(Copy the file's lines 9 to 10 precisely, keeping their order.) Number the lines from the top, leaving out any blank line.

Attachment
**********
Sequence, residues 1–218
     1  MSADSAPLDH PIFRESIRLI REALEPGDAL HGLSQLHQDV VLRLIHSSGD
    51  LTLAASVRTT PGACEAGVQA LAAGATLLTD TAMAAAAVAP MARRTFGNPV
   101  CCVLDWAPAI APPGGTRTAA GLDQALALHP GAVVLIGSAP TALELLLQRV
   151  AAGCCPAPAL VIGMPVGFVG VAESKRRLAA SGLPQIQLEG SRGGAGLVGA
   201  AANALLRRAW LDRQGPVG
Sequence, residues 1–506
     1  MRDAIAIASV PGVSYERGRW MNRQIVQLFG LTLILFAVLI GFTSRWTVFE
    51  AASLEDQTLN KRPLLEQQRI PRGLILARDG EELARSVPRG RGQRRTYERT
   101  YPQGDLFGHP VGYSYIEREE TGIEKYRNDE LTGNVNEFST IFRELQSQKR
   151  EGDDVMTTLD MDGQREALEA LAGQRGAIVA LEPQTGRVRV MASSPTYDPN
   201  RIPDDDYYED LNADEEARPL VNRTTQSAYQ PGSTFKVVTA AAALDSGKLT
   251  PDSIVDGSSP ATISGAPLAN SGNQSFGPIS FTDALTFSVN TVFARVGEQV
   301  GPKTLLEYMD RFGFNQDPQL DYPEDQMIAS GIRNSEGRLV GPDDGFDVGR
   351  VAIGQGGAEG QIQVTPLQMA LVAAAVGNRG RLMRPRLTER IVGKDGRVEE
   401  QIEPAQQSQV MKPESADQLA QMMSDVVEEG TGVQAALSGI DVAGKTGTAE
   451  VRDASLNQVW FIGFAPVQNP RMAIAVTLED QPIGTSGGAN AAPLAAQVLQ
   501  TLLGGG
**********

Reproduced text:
    51  AASLEDQTLN KRPLLEQQRI PRGLILARDG EELARSVPRG RGQRRTYERT
   101  YPQGDLFGHP VGYSYIEREE TGIEKYRNDE LTGNVNEFST IFRELQSQKR